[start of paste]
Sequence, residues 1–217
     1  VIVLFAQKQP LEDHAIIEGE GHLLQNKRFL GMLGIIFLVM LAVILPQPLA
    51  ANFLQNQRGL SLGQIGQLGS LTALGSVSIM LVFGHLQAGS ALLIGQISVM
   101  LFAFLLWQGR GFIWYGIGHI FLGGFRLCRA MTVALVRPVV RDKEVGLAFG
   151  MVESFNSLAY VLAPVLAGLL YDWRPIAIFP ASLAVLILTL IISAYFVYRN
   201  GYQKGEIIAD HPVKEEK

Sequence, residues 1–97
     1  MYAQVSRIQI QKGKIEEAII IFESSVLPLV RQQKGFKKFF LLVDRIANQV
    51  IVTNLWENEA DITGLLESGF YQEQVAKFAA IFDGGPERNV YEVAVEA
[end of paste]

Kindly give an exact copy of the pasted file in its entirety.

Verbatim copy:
Sequence, residues 1–217
     1  VIVLFAQKQP LEDHAIIEGE GHLLQNKRFL GMLGIIFLVM LAVILPQPLA
    51  ANFLQNQRGL SLGQIGQLGS LTALGSVSIM LVFGHLQAGS ALLIGQISVM
   101  LFAFLLWQGR GFIWYGIGHI FLGGFRLCRA MTVALVRPVV RDKEVGLAFG
   151  MVESFNSLAY VLAPVLAGLL YDWRPIAIFP ASLAVLILTL IISAYFVYRN
   201  GYQKGEIIAD HPVKEEK

Sequence, residues 1–97
     1  MYAQVSRIQI QKGKIEEAII IFESSVLPLV RQQKGFKKFF LLVDRIANQV
    51  IVTNLWENEA DITGLLESGF YQEQVAKFAA IFDGGPERNV YEVAVEA